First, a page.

Posts Tagged ‘Jocelyne Allen’

Announcing SCBWI Japan Translation Days 2022

The Society of Children’s Book Writers and Illustrators presents

SCBWI Japan Translation Days 2022

Two days of online presentations, workshopping, and conversation for published and pre-published translators of Japanese children’s and young adult literature into English.

Dates: Saturday, November 12, 2022, and Saturday, November 19, 2022

Time: Meeting Room Opens 8:30 a.m. Sessions 9:00 a.m. – 1 p.m. JST

Place: Remote via Zoom

Fee: 3,500 yen for current SCBWI members; 5,000 yen for nonmembers. One fee covers both days. 

Translations of text for workshop with Takami Nieda due by November 5, 2022. Fee payments due by November 9, 2022.

Registration: To reserve your place and receive event details, send an email to japan (at) scbwi.org.

Recordings will be available to registered participants until the end of November 2022.

This event will be in English and Japanese. All dates and times are Japan Standard Time (JST). 

Schedule

Kathleen Merz

DAY 1: SATURDAY, NOVEMBER 12

8:30 Meeting Room Opens

8:50 Opening Remarks

9:00-9:45 A Conversation with Editor Kathleen Merz

At Eerdmans Books for Young Readers, half (or more) of the titles published each year are translations. Editorial Director Kathleen Merz responds to questions in a live interview about what it takes to publish children’s books in English translation.

Jocelyne Allen

9:45-10:00 Break

10:00-10:15 Speed Share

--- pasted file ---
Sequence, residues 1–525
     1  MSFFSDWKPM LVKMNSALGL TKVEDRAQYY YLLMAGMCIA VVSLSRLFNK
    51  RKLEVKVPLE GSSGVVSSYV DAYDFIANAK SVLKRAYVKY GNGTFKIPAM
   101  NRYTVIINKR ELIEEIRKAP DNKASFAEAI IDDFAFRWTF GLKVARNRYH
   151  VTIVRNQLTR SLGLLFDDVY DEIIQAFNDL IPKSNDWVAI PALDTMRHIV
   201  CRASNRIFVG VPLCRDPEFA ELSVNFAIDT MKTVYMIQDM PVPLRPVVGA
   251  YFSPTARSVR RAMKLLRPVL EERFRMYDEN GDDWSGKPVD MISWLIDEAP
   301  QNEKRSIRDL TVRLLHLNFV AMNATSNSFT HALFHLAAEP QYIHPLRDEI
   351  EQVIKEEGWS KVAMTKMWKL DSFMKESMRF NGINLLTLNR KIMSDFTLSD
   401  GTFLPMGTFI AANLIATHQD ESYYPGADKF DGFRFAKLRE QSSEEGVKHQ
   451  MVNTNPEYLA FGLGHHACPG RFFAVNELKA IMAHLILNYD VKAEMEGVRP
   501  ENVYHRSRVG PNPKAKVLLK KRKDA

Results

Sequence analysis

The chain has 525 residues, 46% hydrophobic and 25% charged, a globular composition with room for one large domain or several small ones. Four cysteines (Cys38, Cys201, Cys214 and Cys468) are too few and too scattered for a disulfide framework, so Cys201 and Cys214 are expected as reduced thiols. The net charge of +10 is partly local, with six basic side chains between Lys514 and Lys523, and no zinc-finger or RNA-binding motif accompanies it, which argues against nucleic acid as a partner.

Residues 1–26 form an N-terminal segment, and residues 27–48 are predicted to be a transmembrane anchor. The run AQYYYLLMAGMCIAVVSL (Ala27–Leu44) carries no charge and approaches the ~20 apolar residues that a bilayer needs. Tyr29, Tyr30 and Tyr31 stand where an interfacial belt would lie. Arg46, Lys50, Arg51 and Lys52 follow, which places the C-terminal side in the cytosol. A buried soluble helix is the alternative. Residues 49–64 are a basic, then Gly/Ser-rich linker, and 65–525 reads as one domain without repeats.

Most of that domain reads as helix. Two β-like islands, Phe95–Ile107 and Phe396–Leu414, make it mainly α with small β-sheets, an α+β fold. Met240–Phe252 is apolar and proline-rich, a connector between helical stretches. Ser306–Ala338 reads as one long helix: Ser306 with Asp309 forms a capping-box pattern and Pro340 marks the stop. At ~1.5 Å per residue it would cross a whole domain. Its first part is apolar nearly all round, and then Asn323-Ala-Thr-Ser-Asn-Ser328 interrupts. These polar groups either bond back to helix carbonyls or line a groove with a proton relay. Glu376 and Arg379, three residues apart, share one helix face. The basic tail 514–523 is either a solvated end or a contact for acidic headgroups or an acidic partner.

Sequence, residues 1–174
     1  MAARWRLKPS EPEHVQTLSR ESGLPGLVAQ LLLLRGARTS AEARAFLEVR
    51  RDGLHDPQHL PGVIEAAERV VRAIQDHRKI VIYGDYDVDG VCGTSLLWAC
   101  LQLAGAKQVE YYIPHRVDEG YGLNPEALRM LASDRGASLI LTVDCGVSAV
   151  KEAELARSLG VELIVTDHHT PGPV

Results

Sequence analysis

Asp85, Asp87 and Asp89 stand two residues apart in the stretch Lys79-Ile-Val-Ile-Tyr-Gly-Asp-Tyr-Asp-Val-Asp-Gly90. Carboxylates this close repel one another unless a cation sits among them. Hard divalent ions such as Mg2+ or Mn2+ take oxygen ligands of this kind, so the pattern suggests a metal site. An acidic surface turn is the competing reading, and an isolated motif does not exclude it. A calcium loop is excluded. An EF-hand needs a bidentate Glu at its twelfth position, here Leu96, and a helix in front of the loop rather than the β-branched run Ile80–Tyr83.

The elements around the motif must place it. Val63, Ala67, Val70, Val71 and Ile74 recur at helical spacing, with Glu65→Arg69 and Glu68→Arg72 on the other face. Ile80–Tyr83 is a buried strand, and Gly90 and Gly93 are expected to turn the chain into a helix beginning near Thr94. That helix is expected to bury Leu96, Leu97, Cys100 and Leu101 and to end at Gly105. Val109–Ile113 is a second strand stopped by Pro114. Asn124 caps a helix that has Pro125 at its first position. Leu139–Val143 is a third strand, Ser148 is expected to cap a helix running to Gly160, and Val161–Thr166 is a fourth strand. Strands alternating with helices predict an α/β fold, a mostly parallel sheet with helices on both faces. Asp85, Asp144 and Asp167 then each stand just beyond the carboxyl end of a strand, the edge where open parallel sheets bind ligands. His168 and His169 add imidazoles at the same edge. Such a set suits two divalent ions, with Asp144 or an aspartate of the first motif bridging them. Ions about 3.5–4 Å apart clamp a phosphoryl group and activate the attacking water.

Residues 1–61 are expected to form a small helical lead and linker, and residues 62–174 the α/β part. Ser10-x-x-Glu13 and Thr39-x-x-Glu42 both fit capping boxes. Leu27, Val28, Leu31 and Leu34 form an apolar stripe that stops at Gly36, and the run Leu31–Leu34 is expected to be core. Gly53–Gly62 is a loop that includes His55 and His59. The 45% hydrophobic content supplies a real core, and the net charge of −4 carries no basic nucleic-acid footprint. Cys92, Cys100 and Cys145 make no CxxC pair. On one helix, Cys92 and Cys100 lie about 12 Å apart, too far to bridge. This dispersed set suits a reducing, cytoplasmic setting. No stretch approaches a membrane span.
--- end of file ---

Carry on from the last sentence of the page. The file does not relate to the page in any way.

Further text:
Participants join a lightly structured “speed share” of their current projects.

10:15-11:00 Jocelyne Allen on Translating Colorful by Eto Mori

As the translator of Colorful by Eto Mori—a YA novel known in many languages and the basis of multiple films—Jocelyne Allen shares about the process and issues involved in bringing this iconic work to life in a US English-language edition.

11:00-11:15 Break

11:15-12:45 Presentation and Discussion of Japan Foundation Grant Funding

Aya Tamura

The Japan Foundation’s Support Programs for Translation and Publishing, and its recent Lifelong Favorites initiative, promise to increase the visibility and viability of publishing Japanese children’s literature in English translation. Avery Fischer Udagawa introduces the role Japan Foundation funding played in the publication of her translation of Temple Alley Summer by Sachiko Kashiwaba (11:15-11:30). Then, Aya Tamura of the Japan Foundation presents about its programs (11:30-12:15). Finally, participants in Translation Days have the opportunity to discuss how such support might connect to their projects (12:15-12:45).

12:45-1:00 Closing Remarks for Day 1

Marilyn Brigham

DAY 2: SATURDAY, NOVEMBER 19 

8:30 Meeting Room Opens

8:50 Opening Remarks